After Yellowstone, floods threatened Montana’s largest city

RED LODGE, Mon. – Devastating flood waters that wiped out miles of roads and hundreds of bridges in Yellowstone National Park and flooded dozens of homes in surrounding communities moved downstream on Wednesday, threatening to cut off fresh drinking water to residents of Montana’s largest city.

Heavy rain over the weekend and melting mountain snow made the Yellowstone River flow at a historically high level of 16 feet (4.9 meters) as it raced past Billings. The city receives water from the river and was forced to close its treatment plant around 9:30 a.m. because it could not operate efficiently at such high water levels.

“None of us planned a 500-year flood in Yellowstone when we designed these facilities,” said Debbie Melling, the city’s director of public affairs.

Billings had only a 24- to 36-hour water supply, and employees asked their 110,000 residents to save, while optimizing that the river would fall fast enough for the plant to resume operations before supplies were completed. The city also stopped watering parks and boulevards, and its fire department filled its trucks with water from the Yellowstone River.


Corey Motis of the National Meteorological Service in Billings said the river is expected to reach the ridge on Wednesday night and fall under a minor flood, 13.5 feet (4.1 meters), by mid to late Thursday.

The unprecedented and sudden floods that raged in Yellowstone earlier this week drove all of more than 10,000 visitors from the country’s oldest park, which remains closed. He damaged hundreds of homes in nearby communities, although no one was reportedly injured or killed.

It also pushes a popular fishing river off course – probably permanently – and could force roads cut off from watercourses to be rebuilt to safer distances.

On Wednesday, residents of Red Lodge, Montana, a town on the north side of the park, used shovels, carts and a pump to clear thick mud and debris from a flooded home on the shores of Rock Creek.


“We thought we had it, and then a bridge came out. And he diverted the river and the water started rolling from behind, smashed the basement window and started filling my basement, “said Pat Ruzic. “And then I gave up. It’s as if the water has won. “

Park officials say the northern half of the park is likely to remain closed all summer, a devastating blow to local economies that rely on tourism.

In Gardiner, Montana, businesses have just begun to recover from the shrinking tourism caused by the coronavirus pandemic, and are hoping for a good year as Yellowstone celebrates its 150th anniversary, said Bill Berg, a commissioner in Park County.

“This is the city of Yellowstone and living and dying from tourism and it will be quite a hit,” he said. “They’re trying to figure out how to keep things together.”

Meanwhile, as the waters recede, park officials are turning their attention to the enormous effort to rebuild many miles of ruined roads and hundreds of washed-out bridges, many of which were built for tourists. Yellowstone superintendent Kam Sholi said assessment teams would not be able to calculate the damage until next week.


Kelly Gunan, an associate professor at the University of Southern Utah and an expert on national park and recreation management, said the recovery would be a long process.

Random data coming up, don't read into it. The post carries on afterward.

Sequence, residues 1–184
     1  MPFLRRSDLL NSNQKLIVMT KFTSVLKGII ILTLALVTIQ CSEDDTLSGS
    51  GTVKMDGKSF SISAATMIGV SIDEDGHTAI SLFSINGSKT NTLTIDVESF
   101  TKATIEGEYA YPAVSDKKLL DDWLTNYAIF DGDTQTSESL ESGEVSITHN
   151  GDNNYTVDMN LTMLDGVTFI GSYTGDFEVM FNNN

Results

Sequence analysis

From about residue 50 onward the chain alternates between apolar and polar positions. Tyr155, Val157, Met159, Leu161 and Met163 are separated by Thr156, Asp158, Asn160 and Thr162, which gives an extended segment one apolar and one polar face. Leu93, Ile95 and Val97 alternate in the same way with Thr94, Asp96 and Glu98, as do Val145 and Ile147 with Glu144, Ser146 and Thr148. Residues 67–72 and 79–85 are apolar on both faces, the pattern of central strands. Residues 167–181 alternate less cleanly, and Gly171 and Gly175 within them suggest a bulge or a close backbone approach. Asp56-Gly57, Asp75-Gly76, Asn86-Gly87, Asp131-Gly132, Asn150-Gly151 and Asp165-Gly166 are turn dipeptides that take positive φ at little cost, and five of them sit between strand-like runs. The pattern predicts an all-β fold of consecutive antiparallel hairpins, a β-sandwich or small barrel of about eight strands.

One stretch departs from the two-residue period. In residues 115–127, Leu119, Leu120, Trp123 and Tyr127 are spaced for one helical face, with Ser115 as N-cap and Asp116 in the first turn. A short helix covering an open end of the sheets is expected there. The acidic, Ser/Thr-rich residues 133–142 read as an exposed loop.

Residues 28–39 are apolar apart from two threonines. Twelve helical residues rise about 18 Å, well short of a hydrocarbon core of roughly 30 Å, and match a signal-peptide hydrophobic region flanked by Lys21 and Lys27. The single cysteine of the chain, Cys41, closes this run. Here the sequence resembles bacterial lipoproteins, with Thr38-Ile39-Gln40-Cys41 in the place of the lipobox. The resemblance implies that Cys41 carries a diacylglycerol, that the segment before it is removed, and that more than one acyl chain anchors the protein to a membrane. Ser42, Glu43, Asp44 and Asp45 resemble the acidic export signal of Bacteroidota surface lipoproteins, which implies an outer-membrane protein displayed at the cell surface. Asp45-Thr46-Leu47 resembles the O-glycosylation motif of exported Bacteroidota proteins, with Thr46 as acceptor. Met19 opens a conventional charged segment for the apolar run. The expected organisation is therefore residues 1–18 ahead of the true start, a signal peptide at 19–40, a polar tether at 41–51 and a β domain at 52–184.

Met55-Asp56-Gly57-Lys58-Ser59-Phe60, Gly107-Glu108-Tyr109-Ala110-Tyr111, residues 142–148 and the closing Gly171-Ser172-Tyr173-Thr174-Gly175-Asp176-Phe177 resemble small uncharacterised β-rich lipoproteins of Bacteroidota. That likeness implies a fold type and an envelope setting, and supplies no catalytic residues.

“This is something that we will definitely feel the impact of in the next few years,” Gunan said.

As efforts to rebuild Yellowstone begin, rangers will need to consider the reality of the park’s altered landscape, as well as potential future natural disasters.

“We know for sure that climate change is causing more natural disasters, more fires, bigger fires and more floods and bigger floods. These things are going to happen, and they’re probably going to happen a lot more, “said Robert Manning, a retired professor of environment and natural resources at the University of Vermont. Officials may also be able to rebuild in a way that is more environmentally friendly than roads and bridges built a decade or a century ago, he said.


The rains hit just as hotels in the area have been filled with summer tourists in recent weeks. More than 4 million visitors reported from the park last year. The wave of tourists does not subside until autumn, and June is usually one of the busiest months in Yellowstone.

Yellowstone officials hope to reopen the southern half of the park next week, which includes the Old Faithful Geyser. Closing the northern part of the park will protect visitors from features that include Tower Fall, Mammoth Hot Springs and the Lamar Valley, which is known for viewing wildlife such as bears and wolves.

It has not yet been decided how it will deal with all tourists when only half of the park is open.

“One thing we definitely know is that half the park can’t sustain the entire visit,” Sholi said on Tuesday. The park will probably introduce some kind of reservation system or entry time to let people in without sending the crowd to the sky.



Whitehurst reported from Salt Lake City. Associated Press writers Amy Beth Hanson of Helena, Becky Borr of Juneau, Alaska, RJ Rico of Atlanta and Brian Mellie of Los Angeles contributed to this report.

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After Yellowstone, floods threatened Montana’s largest city

Source link After Yellowstone, floods threatened Montana’s largest city

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